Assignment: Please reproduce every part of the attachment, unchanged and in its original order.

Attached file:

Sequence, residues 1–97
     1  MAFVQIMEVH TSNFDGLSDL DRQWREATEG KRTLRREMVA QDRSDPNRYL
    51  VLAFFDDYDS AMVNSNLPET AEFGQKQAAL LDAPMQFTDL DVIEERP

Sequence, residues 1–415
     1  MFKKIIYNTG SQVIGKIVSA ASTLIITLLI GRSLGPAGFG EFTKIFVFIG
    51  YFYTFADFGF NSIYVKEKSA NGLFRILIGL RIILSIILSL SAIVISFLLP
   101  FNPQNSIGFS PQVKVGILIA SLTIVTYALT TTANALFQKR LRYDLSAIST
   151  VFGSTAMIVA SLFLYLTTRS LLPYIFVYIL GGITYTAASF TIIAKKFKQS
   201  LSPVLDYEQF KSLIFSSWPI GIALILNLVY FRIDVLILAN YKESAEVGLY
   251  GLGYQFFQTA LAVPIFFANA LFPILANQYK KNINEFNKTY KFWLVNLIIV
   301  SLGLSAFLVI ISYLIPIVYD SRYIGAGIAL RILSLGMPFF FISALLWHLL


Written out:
Sequence, residues 1–97
     1  MAFVQIMEVH TSNFDGLSDL DRQWREATEG KRTLRREMVA QDRSDPNRYL
    51  VLAFFDDYDS AMVNSNLPET AEFGQKQAAL LDAPMQFTDL DVIEERP

Sequence, residues 1–415
     1  MFKKIIYNTG SQVIGKIVSA ASTLIITLLI GRSLGPAGFG EFTKIFVFIG
    51  YFYTFADFGF NSIYVKEKSA NGLFRILIGL RIILSIILSL SAIVISFLLP
   101  FNPQNSIGFS PQVKVGILIA SLTIVTYALT TTANALFQKR LRYDLSAIST
   151  VFGSTAMIVA SLFLYLTTRS LLPYIFVYIL GGITYTAASF TIIAKKFKQS
   201  LSPVLDYEQF KSLIFSSWPI GIALILNLVY FRIDVLILAN YKESAEVGLY
   251  GLGYQFFQTA LAVPIFFANA LFPILANQYK KNINEFNKTY KFWLVNLIIV
   301  SLGLSAFLVI ISYLIPIVYD SRYIGAGIAL RILSLGMPFF FISALLWHLL